Beyond intolerance

Two years after I wrote to the Williams College presidential search committee about the need for a more nuanced approach towards racism and intolerance, a new president was hired and a new “Inquiry, Expression and Inclusion” policy has been published. Here’s an excerpt:

Williams College does not consider an invitation to campus an endorsement of the visitor’s views. Further, in our encouragement of vigorous dialogue and the free exchange of ideas, we acknowledge that discomforting encounters will occur. In that knowledge, we will continue expanding ways to offer support to all individuals and groups within our community, as part of our mission to equip every community member with the tools they need for effective discourse, debate and dissent. We also recognize that free expression has its limits: speech that threatens, incites violence, or constitutes harassment has no place in our community.

I think this represents a very important shift away from “we don’t tolerate intolerance” towards “we don’t tolerate violence.” The focus is on actions rather than thoughts. People can think or believe whatever they want, but saying or doing something violent is not ok to the community. The core question becomes “what is violence?” rather than the much less useful “what is intolerance?” After all, intolerance doesn’t hurt — harassment and discrimination does.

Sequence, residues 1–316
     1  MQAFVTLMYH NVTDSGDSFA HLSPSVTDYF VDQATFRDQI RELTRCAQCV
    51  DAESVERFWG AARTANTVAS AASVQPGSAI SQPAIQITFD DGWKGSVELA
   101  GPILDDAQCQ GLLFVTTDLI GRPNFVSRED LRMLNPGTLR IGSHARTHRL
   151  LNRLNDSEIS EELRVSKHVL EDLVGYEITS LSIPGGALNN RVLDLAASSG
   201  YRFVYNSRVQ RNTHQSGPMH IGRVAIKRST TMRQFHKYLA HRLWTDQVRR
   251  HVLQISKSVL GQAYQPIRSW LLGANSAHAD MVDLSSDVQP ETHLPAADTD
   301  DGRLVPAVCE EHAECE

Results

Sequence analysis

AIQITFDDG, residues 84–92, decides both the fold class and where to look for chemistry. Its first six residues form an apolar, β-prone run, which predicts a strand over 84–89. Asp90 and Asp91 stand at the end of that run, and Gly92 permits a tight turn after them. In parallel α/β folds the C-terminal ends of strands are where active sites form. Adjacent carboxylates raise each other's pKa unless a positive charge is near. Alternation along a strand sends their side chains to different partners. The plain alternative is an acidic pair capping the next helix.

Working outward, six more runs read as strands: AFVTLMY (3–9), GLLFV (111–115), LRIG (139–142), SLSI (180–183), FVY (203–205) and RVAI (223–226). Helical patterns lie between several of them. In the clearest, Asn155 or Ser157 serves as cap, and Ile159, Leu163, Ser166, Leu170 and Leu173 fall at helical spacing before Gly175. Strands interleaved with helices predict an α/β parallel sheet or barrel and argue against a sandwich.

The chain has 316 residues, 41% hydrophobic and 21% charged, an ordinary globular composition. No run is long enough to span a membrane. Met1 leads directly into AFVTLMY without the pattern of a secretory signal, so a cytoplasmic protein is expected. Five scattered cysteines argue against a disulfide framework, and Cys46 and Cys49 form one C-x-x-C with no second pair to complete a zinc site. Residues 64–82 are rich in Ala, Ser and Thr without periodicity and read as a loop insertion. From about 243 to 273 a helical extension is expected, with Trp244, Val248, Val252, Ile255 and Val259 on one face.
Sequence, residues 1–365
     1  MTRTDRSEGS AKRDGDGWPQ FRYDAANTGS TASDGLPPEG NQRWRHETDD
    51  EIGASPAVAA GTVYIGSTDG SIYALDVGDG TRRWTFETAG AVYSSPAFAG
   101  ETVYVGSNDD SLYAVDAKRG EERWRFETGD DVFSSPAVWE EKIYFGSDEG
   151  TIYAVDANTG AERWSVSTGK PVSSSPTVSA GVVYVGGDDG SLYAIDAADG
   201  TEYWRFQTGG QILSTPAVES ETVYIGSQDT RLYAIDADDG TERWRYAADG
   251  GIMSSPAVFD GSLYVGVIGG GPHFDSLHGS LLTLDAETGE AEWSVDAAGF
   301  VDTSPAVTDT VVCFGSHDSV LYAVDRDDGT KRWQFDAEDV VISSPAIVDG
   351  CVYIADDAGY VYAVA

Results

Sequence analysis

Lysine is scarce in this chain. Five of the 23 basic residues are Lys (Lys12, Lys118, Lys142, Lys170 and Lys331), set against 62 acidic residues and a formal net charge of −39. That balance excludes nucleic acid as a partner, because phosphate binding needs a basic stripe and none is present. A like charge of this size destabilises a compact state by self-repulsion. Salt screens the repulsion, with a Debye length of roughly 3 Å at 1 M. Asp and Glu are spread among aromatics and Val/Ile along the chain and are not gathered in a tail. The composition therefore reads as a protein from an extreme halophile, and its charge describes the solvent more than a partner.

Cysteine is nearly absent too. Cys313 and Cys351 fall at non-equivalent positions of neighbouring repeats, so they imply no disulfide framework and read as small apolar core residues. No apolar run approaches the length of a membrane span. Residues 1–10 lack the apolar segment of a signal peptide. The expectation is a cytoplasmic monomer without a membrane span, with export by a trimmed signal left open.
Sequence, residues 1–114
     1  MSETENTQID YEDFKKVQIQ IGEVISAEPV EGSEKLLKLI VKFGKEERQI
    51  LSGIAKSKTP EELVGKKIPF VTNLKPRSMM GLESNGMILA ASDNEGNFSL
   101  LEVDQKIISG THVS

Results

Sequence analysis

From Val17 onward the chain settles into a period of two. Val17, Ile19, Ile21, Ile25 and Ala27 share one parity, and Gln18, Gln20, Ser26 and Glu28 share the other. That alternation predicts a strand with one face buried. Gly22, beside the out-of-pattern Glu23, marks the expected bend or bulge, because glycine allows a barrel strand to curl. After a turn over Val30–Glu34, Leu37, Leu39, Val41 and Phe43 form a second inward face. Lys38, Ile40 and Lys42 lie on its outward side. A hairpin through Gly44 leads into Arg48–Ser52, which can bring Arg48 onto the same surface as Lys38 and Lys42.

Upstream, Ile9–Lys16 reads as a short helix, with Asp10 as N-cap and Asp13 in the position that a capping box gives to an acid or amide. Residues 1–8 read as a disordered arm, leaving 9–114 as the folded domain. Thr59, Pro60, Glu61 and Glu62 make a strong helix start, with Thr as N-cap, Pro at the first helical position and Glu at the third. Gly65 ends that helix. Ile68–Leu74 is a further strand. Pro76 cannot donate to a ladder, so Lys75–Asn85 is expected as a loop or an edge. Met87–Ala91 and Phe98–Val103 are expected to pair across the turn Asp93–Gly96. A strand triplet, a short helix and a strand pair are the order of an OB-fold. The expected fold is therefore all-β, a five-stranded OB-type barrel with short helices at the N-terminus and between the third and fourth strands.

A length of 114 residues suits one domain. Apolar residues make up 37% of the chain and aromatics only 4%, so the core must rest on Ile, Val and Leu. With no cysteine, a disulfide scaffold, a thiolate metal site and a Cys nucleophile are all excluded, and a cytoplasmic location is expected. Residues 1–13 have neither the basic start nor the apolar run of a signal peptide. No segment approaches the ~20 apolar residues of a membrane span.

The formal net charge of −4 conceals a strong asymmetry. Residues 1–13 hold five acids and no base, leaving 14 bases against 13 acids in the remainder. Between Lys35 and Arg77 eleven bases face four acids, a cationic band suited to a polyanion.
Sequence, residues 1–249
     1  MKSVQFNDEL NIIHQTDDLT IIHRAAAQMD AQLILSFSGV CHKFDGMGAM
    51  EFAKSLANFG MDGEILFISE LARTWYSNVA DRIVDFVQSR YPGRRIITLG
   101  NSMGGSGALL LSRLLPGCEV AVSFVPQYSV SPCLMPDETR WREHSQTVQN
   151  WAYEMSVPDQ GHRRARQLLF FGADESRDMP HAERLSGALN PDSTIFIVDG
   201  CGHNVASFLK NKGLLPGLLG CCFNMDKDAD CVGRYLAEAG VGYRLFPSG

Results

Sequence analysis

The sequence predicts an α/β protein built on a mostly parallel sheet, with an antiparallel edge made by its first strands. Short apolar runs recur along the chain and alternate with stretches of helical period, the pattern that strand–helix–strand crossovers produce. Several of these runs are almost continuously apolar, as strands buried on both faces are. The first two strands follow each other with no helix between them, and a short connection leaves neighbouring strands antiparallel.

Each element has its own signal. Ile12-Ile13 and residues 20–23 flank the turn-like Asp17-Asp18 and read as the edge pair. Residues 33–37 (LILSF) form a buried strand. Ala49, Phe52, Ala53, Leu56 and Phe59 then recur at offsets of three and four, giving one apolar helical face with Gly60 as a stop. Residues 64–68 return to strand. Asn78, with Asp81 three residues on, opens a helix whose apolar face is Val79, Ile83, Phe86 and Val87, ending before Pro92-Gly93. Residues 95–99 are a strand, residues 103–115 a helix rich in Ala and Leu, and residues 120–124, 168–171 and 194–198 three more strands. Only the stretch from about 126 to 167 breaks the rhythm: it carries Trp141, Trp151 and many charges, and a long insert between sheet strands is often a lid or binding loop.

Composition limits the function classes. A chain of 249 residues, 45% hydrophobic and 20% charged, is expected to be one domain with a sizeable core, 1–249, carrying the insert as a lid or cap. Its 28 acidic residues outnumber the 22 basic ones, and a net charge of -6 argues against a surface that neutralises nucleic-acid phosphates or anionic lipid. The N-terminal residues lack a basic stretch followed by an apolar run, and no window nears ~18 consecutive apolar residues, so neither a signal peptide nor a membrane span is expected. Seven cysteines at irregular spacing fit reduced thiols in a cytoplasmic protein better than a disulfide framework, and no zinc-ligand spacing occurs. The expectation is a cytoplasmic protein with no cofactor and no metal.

I also like the acknowledgement that difficult conversations are difficult! Education and support are needed to help everyone in the community learn to navigate situations involving diversity and disagreement. Our society on the whole is not well prepared for this. It seems logical to me that colleges and universities be on the forefront of this educational mission.

Healthy aggression

“The pickle that we’ve gotten into is that, in order to function as a society, we really can’t go around bashing everything that annoys us over the head. Yet holding it in, taking a deep breath, “sending love and light” to the frustration – all of this will simply repress that energy and make us sick in some way.

“It is possible for you to start practicing a couple things on your own that can start to change and redirect the habitual pathways of unhealthy externalization (lashing out, temper tantrums, road rage) and internalization (suppression, depression, sickness) that have become the norm.”

-Seth Lyon [link]

Walk away

“It’s ok and healthy to walk away from people who cause destruction in your life. … Do yourself a favor and don’t try to change them. Doing so will only frustrate you and enrage them — not to mention cost you time, money, energy, and your sanity.”

-Dana Morningstar, Out of the Fog (ch. 7)


“My belief is that, whenever we say something to another person, we are requesting something in return. It may simply be an empathic connection—a verbal or nonverbal acknowledgment [that] our words have been understood. Or we may be requesting honesty: we wish to know the listener’s honest reaction to our words. Or we may be requesting an action that we hope would fulfill our needs. The clearer we are on what we want back from the other person, the more likely it is that our needs will be met.”

-Marshall Rosenberg, Nonviolent Communication (p. 74)